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Why do we still live by rules made in 1898??

4/23/14 @ 11:02 AM
ORIGNAL POST
bt
User since 5/7/02
Why does WI still have closed gamefish seasons? Good fisheries management practices didn't start to develop till the 1950's and became what is today in the 70's and '80's.

Now that anglers are more well educated why on earth are we still living by rules that are 115 years old?

There's only two states left with completely closed gamefish seasons with minor exceptions; MN and WI. Are 48 other states wrong? There used to be over 25 states with closed gamefish seasons, why are there less now?

It's not sound scientific practice, it's social tradition.

Read this and tell me the fisheries science practices were more sound then, than now; http://books.google.com/books?id=HL8wAQAAMAAJ&pg=PA1347&lpg=PA1347&dq=1897+Wisconsin+closed+gamefish+seasons&source=bl&ots=Lt09ZH19wz&sig=jErRqSpTRcuWgSNcbedCw7ZtyMY&hl=en&sa=X&ei=X-FXU5esApStyASSi4KQAg&ved=0CCsQ6AEwAA#v=onepage&q=1897%20Wisconsin%20closed%20gamefish%20seasons&f=false

DISPLAYING 1 TO 10 OF 33 POSTS
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5/7/14 @ 11:42 AM
scrub
User since 8/15/06
You are right about invasive cycles but when you get rid of fish that eat rustys what do you think will happen? The rustys just say we had our time so no more breeding explosions? When I'm talking about removing fish that eat rustys I'm talking about removing acres of fish. I figure conservatively our crew removed 12.5ac of lmb from our 1500ac chain last yr. Get lots of people on the same body of water doing the same thing and it will make a difference. Keeping fish that eat rustys is the only thing I can control so that's my part I have accepted. I can't make anyone stock more eg walleyes than already get put in there (if it even works anyways) so I do what I can

5/7/14 @ 9:17 AM
bt
User since 5/7/02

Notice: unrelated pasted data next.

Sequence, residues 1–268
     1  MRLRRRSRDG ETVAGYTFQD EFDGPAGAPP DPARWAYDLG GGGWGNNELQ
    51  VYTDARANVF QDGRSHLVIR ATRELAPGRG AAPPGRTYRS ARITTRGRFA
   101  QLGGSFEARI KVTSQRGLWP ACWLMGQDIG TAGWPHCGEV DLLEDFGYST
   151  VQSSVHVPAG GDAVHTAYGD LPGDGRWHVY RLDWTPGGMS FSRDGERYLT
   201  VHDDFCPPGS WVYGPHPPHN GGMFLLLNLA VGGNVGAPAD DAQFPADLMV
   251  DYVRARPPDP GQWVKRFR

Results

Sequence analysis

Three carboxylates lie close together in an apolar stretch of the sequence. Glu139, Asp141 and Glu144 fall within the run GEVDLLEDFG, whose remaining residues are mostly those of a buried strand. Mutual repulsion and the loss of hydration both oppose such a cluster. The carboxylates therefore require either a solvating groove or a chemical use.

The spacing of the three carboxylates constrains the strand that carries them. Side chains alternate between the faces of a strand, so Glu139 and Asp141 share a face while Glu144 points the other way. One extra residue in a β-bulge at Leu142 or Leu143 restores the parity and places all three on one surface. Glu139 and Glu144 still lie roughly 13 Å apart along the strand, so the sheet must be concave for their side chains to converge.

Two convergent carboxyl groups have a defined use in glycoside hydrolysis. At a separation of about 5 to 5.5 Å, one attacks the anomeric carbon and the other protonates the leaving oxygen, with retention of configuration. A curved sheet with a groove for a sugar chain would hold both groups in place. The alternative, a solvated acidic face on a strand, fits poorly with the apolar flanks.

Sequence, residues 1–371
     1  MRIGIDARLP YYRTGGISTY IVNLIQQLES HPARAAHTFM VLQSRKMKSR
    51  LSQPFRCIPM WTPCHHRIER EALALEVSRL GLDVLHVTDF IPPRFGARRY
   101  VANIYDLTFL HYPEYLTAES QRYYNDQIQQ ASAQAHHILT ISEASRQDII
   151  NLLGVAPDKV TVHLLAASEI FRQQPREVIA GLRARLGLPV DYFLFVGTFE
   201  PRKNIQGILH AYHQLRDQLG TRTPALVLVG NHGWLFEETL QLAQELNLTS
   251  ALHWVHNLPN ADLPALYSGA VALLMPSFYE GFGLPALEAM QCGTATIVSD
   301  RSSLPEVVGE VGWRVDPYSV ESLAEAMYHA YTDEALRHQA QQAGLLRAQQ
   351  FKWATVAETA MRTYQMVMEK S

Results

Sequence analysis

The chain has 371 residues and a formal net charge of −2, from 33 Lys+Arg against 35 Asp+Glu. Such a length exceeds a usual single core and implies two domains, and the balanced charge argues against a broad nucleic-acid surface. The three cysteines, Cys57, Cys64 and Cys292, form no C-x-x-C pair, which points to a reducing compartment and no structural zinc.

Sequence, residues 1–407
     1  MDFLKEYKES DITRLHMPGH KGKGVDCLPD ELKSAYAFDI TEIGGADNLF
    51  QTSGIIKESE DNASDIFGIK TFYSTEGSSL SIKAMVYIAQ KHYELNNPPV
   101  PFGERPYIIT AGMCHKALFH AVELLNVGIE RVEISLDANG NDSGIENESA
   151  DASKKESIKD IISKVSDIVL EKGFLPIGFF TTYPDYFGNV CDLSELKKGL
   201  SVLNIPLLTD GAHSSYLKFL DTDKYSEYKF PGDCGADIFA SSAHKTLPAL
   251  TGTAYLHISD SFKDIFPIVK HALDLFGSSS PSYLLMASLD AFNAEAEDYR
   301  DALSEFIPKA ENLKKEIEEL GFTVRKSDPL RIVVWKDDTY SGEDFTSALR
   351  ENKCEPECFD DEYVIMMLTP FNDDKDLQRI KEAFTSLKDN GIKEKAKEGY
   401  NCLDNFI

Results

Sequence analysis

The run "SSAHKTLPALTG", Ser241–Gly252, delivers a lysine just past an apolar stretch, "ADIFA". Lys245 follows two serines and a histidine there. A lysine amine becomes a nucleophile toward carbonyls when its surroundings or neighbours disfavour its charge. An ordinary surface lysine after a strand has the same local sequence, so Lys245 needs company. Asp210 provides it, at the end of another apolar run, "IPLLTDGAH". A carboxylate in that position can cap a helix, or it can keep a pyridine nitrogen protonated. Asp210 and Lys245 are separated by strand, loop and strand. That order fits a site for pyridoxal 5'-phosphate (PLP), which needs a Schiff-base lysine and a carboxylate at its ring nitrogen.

Also we are finding that good sound fisheries management practices involves patience from the community. Nothing can be fixed overnight, and in some cases fisheries may never be again what they were.

5/7/14 @ 9:15 AM
bt
User since 5/7/02
Scrub you can fight mother nature but you'll never win. Like we're seeing with zebra mussels, or even fish stocking that establish populations. There is almost always a boom, bust, then level population cycle. We would have to eradicate rusty crayfish and reintroduce to have that happen. Now that it's been 25years+ we have found that even though native shellfish habitat is smaller, all species are living together without killing off the others.

We are seeing zebra mussels and even gobies starting to go through a crash cycle on the shallower parts of the great lakes, most noticeably is western basin of Erie and LSC. With this bust cycle we are seeing smallmouth size structure shrink, and walleye size structure go up almost instantly. With more available planktons minnow and shad populations are exploding. That is leading to a more natural walleye habitat preference. We will see if the water gets any more color to it in the next few years, but this may be a boom for walleye fishing in Erie.

Even invasive species have carrying capacities, about the only invasive that I see hurting water quality by tearing up aquatic grasses, and limiting spawning habitats is all the different types of carp out there. We will see though how this all balances out in the next 10 years or so.

5/6/14 @ 10:54 PM
scrub
User since 8/15/06
Bring back rustys by keeping every bass you legally can. More rustys equal less centrachid habitat. Get rid of their habitat they will suffer just as the walleyes are now suffering from too many weeds. Centrachids need weeds to survive walleyes do not. Tip the scales back in favor of walleyes